Organizing with Jane and Jane: How the City’s Tenant Movement Grew

When Tenants Claimed the City: The Struggle for Citizenship in New York City Housing
Roberta Gold
(University of Illinois Press, $55

Published as part of the “Women in American History” series of the University of Illinois Press, Roberta Gold’s When Tenants Claimed the City is a history of tenant movements and organizations in New York City in the postwar era—roughly the late 1940s through the early 1970s. It owes its dual focus—both women’s history and housing—to the extraordinary women who made up much of the leadership of tenant organizing in that period. They included founders of the Metropolitan Council on Housing and others whose names are still familiar to New York housing activists today: Jane Benedict, Hortense Gabel, Frances Goldin, Esther Rand, Marie Runyon, Yolanda Sánchez, Cleo Silvers, Bess Stevenson, and Jane Wood

 

These women, along with a host of others throughout the city, fought to keep rent control in place after the end of World War II and stave off the “slum clearance” that targeted both communities of color and integrated communities. They organized rent strikes for better conditions, and pressed for legislation to protect tenants. Men, of course, were also involved in these struggles, and have not been slighted here; men were especially prominent in tenant organizing in Harlem and Brooklyn. But overall, the force of women in the movement had an impact not only on housing struggles, but also on the development of a “pragmatic,” unself-conscious feminism before what is commonly thought of as the feminist movement.

The book is arranged chronologically, more or less struggle by struggle. Some — the preservation of rent control after the war, the stymieing of wholesale redevelopment on the Lower East Side, the building of tenant-controlled co-ops — were at least partially successful, while others were losing battles, particularly where the interests of low-income tenants of color and their white neighbors (if they lived in integrated neighborhoods) were concerned. The steady assaults on affordable housing by an increasingly neoliberal (and racist) establishment is documented here, as well as what tenants of varied histories and backgrounds have done to push back. Throughout, tenants asserting their rights as citizens, and thus as actors in their own destinies, have challenged the prevailing vision of citizenship as tied to ownership, and of the sense and value of community as necessarily having anything to do with what the people who live in that community look like—though having very much to do with how they are housed.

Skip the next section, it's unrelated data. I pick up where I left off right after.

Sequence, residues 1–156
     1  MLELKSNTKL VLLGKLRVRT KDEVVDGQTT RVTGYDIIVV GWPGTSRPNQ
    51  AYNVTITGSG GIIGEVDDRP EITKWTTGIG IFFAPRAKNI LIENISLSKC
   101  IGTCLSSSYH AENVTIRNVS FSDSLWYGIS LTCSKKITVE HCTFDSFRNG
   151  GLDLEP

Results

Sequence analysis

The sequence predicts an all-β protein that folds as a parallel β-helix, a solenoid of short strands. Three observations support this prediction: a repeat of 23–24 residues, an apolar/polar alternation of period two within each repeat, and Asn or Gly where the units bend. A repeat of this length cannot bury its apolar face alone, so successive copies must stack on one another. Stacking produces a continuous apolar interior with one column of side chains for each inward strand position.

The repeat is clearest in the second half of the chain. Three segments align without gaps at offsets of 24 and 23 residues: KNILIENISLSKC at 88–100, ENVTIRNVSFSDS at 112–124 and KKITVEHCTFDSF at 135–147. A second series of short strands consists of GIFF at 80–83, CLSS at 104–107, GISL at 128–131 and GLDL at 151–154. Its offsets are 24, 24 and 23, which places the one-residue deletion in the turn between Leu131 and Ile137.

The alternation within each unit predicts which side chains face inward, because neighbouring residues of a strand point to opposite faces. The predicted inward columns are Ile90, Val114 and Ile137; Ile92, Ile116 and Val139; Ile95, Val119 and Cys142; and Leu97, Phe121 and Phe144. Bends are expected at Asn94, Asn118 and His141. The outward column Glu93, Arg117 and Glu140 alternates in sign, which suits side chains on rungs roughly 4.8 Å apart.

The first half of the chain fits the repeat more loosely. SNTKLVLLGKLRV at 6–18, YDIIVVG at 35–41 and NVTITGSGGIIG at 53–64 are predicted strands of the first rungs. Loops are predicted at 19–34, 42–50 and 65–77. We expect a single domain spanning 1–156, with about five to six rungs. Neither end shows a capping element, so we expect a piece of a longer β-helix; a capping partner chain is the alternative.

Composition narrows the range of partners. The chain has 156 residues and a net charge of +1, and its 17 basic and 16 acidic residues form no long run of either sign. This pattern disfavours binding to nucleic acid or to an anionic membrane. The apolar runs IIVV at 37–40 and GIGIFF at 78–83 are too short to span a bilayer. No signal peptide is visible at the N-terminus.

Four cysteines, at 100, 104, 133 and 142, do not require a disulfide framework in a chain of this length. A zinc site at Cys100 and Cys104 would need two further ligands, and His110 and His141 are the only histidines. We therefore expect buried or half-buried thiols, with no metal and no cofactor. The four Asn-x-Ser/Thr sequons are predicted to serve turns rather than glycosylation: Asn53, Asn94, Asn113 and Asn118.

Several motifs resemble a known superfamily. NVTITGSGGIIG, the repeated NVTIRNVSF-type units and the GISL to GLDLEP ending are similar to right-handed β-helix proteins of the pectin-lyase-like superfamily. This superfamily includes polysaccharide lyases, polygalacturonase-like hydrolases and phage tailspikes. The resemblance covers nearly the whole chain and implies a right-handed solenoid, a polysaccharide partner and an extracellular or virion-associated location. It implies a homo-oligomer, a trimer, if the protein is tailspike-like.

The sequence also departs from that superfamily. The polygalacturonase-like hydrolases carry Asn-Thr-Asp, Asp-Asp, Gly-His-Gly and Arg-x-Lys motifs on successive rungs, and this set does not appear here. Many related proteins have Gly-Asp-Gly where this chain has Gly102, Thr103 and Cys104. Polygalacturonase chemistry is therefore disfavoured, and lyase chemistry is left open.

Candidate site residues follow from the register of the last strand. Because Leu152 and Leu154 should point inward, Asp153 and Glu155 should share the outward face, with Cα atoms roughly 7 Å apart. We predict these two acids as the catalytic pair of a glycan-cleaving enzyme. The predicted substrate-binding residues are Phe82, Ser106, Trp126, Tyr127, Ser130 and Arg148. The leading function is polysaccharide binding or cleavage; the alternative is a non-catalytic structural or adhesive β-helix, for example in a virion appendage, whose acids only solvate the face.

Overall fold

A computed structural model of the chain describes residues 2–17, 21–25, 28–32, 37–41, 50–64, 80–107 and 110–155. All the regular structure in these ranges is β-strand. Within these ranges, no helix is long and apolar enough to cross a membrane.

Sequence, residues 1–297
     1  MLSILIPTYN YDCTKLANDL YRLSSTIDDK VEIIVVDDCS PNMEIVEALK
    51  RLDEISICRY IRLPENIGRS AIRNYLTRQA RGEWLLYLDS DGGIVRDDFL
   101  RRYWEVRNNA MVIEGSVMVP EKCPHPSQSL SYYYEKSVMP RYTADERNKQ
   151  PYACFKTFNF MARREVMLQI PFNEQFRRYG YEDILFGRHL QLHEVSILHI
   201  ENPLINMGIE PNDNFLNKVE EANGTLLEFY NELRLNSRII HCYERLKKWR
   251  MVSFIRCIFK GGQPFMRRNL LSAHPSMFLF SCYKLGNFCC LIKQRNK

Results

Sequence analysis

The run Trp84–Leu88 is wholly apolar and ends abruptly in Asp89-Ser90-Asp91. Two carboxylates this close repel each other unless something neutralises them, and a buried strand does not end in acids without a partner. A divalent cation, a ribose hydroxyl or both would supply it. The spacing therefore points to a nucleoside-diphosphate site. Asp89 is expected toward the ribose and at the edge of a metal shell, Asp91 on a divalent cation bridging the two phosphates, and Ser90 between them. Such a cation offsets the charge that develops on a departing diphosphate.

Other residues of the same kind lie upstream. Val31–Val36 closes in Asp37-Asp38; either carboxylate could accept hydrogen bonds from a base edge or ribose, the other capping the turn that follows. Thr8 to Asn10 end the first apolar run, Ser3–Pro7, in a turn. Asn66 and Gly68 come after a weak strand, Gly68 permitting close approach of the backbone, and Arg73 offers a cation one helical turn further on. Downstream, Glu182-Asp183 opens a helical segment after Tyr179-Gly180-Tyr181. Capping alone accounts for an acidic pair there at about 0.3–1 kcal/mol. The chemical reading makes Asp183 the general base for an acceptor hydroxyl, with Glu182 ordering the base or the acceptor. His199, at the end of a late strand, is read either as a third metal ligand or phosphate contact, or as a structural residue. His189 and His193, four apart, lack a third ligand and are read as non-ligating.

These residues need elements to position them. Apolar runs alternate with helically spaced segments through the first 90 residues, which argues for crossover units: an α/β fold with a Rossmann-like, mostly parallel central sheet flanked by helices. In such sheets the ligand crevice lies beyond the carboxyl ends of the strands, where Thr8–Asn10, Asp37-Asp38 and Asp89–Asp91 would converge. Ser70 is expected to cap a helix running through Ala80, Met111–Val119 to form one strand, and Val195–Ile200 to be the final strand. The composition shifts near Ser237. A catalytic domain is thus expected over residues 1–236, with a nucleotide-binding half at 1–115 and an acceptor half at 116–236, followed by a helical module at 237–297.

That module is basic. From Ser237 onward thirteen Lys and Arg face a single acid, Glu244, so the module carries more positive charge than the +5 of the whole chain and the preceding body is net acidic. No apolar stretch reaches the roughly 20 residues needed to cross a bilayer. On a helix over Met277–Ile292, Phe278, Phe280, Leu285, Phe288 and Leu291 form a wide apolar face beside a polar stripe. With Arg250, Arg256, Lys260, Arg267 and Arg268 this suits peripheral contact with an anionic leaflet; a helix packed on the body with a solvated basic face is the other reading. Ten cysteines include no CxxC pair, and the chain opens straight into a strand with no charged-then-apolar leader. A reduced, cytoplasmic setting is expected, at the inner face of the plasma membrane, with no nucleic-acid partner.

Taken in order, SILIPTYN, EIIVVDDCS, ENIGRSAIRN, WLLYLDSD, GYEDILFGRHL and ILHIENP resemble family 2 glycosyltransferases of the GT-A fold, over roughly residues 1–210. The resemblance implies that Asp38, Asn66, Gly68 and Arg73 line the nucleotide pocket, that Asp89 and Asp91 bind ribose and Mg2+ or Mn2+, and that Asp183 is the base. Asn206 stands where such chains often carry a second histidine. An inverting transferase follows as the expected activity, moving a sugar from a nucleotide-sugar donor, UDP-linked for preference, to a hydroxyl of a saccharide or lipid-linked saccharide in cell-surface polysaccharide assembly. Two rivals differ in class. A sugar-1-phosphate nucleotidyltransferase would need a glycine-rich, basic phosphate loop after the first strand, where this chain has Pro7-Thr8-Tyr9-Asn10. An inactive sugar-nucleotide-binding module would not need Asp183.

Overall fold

This is a scholarly work, but readers will be delighted to discover that it is also gracefully written and tells a fascinating story. Roberta Gold has deftly woven together the strands of the Old and New Left, the Black and Latino Power movements of the sixties, and, of course, a hitherto unsuspected kind of feminism, in a series of riveting tales of courageous champions of the people who unhesitatingly took on the political and economic powers of their time and, if they didn’t always agree about the how, had a very clear vision of the why.